From Marion Morrison to John Wayne—the roots of an icon in the making.
Written by Constance Dunn
When people saw young Marion Morrison walking around the town of Winterset, Iowa, it’s likely they would call him “Duke.” That was the name of a family dog, and it also become a nickname for the lad—one that would last the duration of his life and become synonymous with John Wayne the Star, as he became known around the globe. Born Marion Robert Morrison in 1907, Wayne was the son of Clyde Leonard “Doc” and Mary “Molly” Morrison, née Brown. He also had a brother, Robert, who was four years younger and lavished with his mother’s attention. When Robert was born, his mother borrowed her eldest son’s middle name to name her youngest; Marion’s middle name was then changed to Mitchell after his paternal grandfather, a Union soldier in the Civil War.
Finances were often shaky in the Morrison household. Father Clyde was a sometimes pharmacist who undertook different career ventures, including farmer and pharmacy store owner, that more often than not, didn’t pan out. Marion’s career longevity, based in disciplined hard work and preparation, along with a conscious adherence to what film audiences really wanted to see, were perhaps rooted in making sure such wavering conditions were not replicated in his own life. Determined and independent, no matter how modest their home life or how scant resources might be, Mary was sure the boys were always well-groomed and presentable. She was also active in local politics, which may have also planted a seed in young Marion, whose personal activism, from politics to cancer prevention, started in early adulthood and lasted until his passing in 1979.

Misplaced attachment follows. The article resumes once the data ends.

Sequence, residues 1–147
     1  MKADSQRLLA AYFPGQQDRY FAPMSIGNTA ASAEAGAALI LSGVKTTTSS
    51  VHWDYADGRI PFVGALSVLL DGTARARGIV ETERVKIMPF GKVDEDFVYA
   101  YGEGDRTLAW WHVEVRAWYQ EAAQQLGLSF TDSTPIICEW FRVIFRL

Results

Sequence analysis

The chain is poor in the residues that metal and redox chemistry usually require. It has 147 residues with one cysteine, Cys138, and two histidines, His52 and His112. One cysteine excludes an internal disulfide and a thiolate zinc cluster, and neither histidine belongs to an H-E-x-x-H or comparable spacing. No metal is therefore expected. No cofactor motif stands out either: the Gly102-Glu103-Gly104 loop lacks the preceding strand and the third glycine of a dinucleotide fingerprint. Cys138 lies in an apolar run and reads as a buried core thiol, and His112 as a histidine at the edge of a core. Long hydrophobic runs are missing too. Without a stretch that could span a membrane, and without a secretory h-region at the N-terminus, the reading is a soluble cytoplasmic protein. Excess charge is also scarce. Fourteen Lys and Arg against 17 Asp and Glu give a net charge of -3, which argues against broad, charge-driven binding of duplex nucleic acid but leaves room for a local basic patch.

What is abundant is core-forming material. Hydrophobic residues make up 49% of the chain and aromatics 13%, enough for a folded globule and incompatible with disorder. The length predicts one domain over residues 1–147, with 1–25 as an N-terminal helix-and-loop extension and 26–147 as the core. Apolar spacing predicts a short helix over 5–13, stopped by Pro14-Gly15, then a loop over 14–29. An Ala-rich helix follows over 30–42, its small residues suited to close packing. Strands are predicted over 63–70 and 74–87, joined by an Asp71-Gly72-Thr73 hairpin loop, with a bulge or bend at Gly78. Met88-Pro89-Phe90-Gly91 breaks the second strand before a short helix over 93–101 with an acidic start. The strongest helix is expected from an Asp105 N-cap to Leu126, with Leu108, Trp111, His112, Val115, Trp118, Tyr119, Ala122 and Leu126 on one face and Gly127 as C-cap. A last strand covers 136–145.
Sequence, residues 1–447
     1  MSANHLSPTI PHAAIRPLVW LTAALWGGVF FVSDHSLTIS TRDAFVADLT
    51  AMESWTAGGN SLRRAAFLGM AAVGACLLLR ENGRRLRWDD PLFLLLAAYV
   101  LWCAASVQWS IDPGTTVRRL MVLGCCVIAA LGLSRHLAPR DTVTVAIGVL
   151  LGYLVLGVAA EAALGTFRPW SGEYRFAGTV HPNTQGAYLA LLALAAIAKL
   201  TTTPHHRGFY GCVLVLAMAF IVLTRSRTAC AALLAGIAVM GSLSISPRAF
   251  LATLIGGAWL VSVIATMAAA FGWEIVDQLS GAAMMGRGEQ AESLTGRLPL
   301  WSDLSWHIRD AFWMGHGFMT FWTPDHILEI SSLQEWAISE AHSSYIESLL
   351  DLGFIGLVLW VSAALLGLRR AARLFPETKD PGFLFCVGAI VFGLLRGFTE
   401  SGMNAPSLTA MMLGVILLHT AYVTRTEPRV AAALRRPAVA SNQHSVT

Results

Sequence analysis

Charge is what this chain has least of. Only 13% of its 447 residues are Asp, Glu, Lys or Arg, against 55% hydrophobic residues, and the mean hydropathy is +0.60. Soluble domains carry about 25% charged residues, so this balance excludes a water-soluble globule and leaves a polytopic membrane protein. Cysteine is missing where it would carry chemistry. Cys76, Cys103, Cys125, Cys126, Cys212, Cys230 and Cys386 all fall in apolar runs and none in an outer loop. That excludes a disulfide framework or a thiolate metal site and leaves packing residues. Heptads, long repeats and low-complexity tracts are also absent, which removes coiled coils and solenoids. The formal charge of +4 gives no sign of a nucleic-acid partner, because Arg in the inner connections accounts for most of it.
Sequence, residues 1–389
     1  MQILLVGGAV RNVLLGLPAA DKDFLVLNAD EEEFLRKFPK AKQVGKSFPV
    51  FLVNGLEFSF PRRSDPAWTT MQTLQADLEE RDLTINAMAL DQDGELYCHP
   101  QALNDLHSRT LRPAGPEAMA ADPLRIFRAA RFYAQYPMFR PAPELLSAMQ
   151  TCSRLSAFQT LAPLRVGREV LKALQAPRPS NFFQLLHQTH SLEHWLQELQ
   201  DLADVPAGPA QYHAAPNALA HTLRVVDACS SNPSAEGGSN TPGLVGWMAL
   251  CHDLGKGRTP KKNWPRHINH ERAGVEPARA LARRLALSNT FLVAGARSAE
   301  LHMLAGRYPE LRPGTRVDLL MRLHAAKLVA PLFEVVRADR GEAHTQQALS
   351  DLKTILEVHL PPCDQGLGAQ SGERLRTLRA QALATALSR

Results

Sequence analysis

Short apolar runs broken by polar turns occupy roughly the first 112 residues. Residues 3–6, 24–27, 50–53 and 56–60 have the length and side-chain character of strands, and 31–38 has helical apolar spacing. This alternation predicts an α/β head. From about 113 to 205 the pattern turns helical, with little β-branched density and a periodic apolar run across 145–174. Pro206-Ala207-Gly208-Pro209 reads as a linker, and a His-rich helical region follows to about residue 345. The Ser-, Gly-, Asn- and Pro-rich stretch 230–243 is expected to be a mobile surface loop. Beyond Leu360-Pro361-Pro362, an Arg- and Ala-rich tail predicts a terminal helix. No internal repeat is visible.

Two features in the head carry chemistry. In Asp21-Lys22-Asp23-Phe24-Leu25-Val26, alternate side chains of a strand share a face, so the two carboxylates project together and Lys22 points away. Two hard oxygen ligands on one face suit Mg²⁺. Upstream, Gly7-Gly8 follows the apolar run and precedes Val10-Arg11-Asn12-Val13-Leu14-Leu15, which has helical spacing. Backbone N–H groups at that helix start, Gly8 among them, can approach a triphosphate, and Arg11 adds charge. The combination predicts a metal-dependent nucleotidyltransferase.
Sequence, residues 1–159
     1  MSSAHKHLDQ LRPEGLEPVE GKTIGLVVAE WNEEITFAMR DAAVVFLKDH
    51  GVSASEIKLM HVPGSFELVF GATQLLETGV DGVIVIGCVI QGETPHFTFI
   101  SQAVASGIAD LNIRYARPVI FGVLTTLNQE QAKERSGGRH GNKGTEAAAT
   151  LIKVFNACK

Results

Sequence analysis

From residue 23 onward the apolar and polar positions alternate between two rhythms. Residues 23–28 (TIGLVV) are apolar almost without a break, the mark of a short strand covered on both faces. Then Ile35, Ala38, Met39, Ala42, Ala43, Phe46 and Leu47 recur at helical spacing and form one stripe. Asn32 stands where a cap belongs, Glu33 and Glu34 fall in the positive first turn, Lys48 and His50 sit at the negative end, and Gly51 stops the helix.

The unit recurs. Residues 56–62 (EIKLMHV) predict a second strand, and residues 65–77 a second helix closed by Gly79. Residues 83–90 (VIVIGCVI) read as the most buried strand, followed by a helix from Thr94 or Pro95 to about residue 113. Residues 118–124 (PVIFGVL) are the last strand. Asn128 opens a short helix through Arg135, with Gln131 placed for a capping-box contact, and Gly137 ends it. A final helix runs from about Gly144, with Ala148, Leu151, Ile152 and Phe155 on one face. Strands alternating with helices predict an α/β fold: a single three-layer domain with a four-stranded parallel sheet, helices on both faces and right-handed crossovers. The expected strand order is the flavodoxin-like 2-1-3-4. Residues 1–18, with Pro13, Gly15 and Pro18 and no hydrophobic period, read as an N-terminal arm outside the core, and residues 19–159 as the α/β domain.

It was Clyde’s health that ultimately called the family out West when Marion was 4 years old. The family eventually settled in Glendale, California, and that’s where he attended high school, a place where his athleticism and resolute work ethic propelled him to star football status. This early accomplishment would serve as a crucial first foothold of success for Marion, since it earned him a football scholarship to nearby University of Southern California (USC)—a place where he would meet his first wife and lay more of the groundwork on his way to becoming John Wayne.
To see more of John Wayne by the decades, visit the John Wayne: An American Experience exhibit at the Fort Worth Stockyards in the National Historic District of Fort Worth, Texas. Located in the Historic Exhibits Building on the corner of Exchange Street and Rodeo Plaza at 2501 Rodeo Plaza, Fort Worth, Texas, 76164. Open 7 days a week from 9AM to 6PM.
Photographs courtesy of JWE. On the home page: Marion Morrison with his brother Robert and family dog.